Title page for ETD etd-11242009-020129


Type of Document Master's Thesis
Author Groeschl, David A.
URN etd-11242009-020129
Title Forest soil and vegetation characteristics in two forest types following wildfire in the Shenandoah National Park, Virginia
Degree Master of Science
Department Forestry
Advisory Committee
Advisor Name Title
Johnson, James E. Committee Chair
Scrivani, John A. Committee Member
Smith, David William Committee Member
Keywords
  • Wildfires
Date of Defense 1991-01-05
Availability restricted
Abstract

A wildfire of variable intensity occurred in mid-July of 1988 in the Shenandoah National Park and adjacent private lands. This study was established to measure post-fire forest soil and vegetation characteristics in both the mixed pine and mixed oak forest types occurring on Dovel Mountain in the Shenandoah National Park, Virginia. Vegetation and soil results represent one (1989) and two (1990) growing seasons following fire occurrence in the mixed pine forest type, whereas only second year results are reported for the mixed oak forest type.

Forest floor and mineral soil parameters differed among burn levels and followed similar trends for both forest types. Forest floor depth and weight were significantly less on low and high burn areas as compared to unburned areas. Low intensity fires removed the Oi-Oe layer while leaving the Oa layer relatively intact. Conversely, high intensity fifes resulted in the consumption of the entire forest floor. Total carbon, nitrogen, and nutrient differences between low and unburned areas for the entire forest floor (Oi-Oe + Oa) were negligible. However, loss of these constituents were much greater following high intensity fifes. Differences in the surface 10 cm of mineral soil were also detected following following high intensity fifes. Differences in the sulface 10 cm of mineral soil were also detected following low and high intensity fires. Mineral soil acidity was lower while exchangeable cation concentrations were higher in burned areas compared to unburned areas. Total carbon and nitrogen levels were higher in low burn areas, whereas total carbon and nitrogen levels were lower on high bum areas. Inorganic nitrogen levels were higher in both low and high burn areas compared to unburned areas.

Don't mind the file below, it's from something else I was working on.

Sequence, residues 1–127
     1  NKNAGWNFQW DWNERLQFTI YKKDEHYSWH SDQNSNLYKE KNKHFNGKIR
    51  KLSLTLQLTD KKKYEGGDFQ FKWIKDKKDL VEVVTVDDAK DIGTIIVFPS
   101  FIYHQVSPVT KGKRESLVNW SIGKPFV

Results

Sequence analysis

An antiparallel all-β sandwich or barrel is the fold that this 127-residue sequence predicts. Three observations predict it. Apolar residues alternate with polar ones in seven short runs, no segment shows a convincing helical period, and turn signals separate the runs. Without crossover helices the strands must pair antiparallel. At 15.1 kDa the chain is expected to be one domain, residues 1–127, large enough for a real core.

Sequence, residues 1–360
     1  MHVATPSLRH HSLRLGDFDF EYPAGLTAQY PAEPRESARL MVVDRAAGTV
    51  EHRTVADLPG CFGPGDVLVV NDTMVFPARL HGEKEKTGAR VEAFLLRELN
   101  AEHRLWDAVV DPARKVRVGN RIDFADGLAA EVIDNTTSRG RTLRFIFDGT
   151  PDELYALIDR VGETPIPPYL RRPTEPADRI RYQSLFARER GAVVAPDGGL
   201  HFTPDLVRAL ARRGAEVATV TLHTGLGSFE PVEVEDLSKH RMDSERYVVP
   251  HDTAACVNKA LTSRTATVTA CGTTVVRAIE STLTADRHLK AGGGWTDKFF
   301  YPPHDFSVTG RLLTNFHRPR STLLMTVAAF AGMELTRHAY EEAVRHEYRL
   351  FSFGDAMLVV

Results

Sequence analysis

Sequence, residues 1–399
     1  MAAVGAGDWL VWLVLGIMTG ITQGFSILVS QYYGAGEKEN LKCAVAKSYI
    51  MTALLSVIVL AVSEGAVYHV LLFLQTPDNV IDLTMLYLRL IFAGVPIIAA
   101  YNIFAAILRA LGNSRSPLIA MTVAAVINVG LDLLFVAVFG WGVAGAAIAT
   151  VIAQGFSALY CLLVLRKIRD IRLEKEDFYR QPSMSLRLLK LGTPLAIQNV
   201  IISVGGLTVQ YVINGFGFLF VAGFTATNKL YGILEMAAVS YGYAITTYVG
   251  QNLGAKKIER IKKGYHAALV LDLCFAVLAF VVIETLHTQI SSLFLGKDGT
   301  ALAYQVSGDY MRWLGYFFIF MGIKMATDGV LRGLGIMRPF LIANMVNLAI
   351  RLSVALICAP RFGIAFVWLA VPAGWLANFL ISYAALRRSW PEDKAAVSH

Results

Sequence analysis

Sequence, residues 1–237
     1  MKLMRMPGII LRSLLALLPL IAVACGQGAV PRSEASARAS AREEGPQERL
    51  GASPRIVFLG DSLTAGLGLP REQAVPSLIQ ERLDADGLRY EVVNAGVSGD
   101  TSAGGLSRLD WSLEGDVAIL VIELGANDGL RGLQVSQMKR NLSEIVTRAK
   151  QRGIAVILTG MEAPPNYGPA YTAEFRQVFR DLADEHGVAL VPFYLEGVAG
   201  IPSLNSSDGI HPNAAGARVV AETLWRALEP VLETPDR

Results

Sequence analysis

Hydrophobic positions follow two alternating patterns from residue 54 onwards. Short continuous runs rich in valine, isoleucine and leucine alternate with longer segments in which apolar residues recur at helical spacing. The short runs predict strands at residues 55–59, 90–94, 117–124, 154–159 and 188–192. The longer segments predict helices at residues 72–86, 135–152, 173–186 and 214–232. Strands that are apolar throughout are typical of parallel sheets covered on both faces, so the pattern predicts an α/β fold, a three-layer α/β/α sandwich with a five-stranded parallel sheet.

Files
  Filename       Size       Approximate Download Time (Hours:Minutes:Seconds) 
 
 28.8 Modem   56K Modem   ISDN (64 Kb)   ISDN (128 Kb)   Higher-speed Access 
[VT] LD5655.V855_1991.G764.pdf 6.83 Mb 00:31:37 00:16:16 00:14:14 00:07:07 00:00:36
[BTD] next to an author's name indicates that all files or directories associated with their ETD are accessible from the Virginia Tech campus network only.

Browse All Available ETDs by ( Author | Department )

dla home
etds imagebase journals news ereserve special collections
virgnia tech home contact dla university libraries

If you have questions or technical problems, please Contact DLA.